If you are interested in measuring the real-time performance of your pages, the Performance panel can be very helpful. With the Performance panel, you can view information about the loading time, JavaScript execution time, and more. This information can be very helpful while troubleshooting performance issues.

Use the Timeline to understand performance bottlenecks.

The Timeline is a tool that allows you to view a detailed log of all the events that occur while loading your page. With the Timeline, you can see how long each event takes and identify any bottlenecks that might be causing performance issues.

Use the Memory Panel to troubleshoot memory leaks.

The Memory panel can be very helpful if you're having trouble with memory leaks on your pages. With the Memory panel, you can take a snapshot of the memory usage on your page and then inspect that snapshot to find any areas where memory is being improperly used.

Use the Audits Panel to improve performance.

The Audits panel is a tool that allows you to generate reports about the performance of your pages automatically. With the Audits panel, you can select from a list of auditing options and then view a report that details any areas where your page could be improved.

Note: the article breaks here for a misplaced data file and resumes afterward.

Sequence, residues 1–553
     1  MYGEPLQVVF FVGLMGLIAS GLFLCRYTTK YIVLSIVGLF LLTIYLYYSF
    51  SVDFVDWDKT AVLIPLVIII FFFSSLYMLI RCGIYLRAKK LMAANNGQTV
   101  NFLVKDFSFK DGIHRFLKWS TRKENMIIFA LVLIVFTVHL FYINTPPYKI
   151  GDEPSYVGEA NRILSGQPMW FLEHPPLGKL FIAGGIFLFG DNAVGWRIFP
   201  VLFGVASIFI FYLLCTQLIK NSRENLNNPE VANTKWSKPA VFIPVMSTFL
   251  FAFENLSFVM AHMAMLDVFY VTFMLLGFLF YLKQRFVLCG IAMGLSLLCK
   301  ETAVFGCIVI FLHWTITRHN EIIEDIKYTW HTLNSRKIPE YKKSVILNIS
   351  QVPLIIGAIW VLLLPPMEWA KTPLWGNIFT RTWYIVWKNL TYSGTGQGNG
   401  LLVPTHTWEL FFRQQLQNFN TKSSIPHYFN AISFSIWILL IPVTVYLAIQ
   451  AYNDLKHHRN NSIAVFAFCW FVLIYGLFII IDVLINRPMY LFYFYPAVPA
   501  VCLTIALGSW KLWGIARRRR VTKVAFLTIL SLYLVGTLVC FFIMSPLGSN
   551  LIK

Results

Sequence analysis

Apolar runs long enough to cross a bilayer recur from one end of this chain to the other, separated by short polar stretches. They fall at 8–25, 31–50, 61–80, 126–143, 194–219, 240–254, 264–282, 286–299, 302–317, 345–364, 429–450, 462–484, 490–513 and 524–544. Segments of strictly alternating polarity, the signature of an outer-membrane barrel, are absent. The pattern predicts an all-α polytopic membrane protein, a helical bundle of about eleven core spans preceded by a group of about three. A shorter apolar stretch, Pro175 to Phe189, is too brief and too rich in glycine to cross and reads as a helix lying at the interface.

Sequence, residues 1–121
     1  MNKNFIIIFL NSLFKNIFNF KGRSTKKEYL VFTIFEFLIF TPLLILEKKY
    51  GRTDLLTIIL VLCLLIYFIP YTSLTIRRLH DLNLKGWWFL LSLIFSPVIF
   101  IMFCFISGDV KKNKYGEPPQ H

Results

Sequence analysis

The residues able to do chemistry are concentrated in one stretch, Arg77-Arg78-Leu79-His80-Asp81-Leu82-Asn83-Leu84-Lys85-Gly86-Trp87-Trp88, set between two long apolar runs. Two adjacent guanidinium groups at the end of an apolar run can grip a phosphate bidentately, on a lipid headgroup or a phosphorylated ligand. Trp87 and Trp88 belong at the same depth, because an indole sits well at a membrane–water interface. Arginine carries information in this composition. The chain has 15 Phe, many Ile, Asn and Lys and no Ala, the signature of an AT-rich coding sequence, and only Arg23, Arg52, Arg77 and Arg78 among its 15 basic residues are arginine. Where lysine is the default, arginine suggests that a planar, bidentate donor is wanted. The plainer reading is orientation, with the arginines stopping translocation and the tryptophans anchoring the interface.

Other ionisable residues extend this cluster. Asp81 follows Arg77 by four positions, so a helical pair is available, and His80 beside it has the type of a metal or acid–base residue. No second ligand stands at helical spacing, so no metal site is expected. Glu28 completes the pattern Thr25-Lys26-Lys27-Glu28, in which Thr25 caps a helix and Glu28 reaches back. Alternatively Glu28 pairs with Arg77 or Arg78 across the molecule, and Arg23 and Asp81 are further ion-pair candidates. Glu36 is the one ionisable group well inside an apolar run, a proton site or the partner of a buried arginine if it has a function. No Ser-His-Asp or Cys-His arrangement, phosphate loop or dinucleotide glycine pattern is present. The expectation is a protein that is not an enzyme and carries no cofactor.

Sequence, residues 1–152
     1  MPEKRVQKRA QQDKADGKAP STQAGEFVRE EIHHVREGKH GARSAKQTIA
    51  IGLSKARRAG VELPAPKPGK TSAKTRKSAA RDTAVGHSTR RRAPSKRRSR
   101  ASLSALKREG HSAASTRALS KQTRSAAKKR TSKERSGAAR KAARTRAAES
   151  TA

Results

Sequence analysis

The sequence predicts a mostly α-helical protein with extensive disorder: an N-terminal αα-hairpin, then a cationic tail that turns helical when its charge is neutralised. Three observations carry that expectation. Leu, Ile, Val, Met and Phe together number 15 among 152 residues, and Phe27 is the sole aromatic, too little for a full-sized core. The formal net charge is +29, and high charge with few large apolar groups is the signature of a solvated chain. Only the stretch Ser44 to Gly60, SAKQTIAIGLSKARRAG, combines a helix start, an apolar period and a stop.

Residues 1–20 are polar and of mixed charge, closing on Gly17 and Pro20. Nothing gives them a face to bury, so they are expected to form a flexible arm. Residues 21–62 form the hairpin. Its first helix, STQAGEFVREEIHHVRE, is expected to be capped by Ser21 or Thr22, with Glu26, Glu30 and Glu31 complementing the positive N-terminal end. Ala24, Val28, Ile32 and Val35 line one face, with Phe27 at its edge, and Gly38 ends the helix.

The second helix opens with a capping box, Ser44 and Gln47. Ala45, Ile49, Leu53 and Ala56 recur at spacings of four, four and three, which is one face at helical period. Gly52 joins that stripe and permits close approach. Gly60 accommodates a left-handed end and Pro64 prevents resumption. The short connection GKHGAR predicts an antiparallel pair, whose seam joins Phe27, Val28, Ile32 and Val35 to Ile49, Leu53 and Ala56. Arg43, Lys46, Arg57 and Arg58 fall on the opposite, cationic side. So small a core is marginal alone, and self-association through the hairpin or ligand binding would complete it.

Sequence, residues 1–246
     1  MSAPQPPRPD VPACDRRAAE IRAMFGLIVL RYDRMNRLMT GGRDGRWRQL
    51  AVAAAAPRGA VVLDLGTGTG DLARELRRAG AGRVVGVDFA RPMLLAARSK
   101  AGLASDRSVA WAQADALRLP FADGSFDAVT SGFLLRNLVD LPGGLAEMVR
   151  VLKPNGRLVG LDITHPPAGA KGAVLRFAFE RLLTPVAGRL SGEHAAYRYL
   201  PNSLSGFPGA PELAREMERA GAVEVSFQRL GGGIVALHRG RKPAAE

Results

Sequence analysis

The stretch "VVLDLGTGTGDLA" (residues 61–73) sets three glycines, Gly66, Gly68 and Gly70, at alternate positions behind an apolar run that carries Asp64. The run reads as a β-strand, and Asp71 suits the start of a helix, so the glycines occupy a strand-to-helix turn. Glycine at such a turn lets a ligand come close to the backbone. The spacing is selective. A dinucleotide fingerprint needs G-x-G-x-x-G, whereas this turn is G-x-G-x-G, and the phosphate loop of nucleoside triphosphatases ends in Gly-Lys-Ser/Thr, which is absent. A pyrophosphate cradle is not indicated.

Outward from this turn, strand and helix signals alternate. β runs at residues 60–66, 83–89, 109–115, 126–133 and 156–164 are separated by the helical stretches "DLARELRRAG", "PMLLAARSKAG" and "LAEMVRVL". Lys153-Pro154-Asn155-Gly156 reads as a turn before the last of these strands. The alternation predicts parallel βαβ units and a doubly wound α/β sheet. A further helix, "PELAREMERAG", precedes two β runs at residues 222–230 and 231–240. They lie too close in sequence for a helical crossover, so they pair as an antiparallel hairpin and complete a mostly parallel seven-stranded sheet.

Use the PageSpeed Insights extension.

The PageSpeed Insights extension is a tool that allows you to measure the performance of your pages using Google's PageSpeed Insights service. With the PageSpeed Insights extension, you can generate reports about the performance of your pages and get recommendations for how to improve that performance.

Use the Lighthouse extension.

The Lighthouse extension is a tool that allows you to generate reports about the quality of your web pages. With the Lighthouse extension, you can select from a list of auditing options and then view a report that details areas where your page could be improved.

Use the WebPageTest extension.

The WebPageTest extension is a tool that allows you to measure the performance of your pages using Google's WebPageTest service. With the WebPageTest extension, you can generate reports about the performance of your pages and get recommendations for how to improve that performance.

Use the User Timing API

The User Timing API is a tool that allows you to measure the performance of your pages by providing marks and measures. With the User Timing API, you can set marks at specific points in your code and then measure the time between those marks. This information can be really helpful in troubleshooting performance issues.

Use the Console API

The Console API is a tool that allows you to log messages from your code. With the Console API, you can print messages to the Console, view stack traces, and more. This information can be very helpful while troubleshooting errors.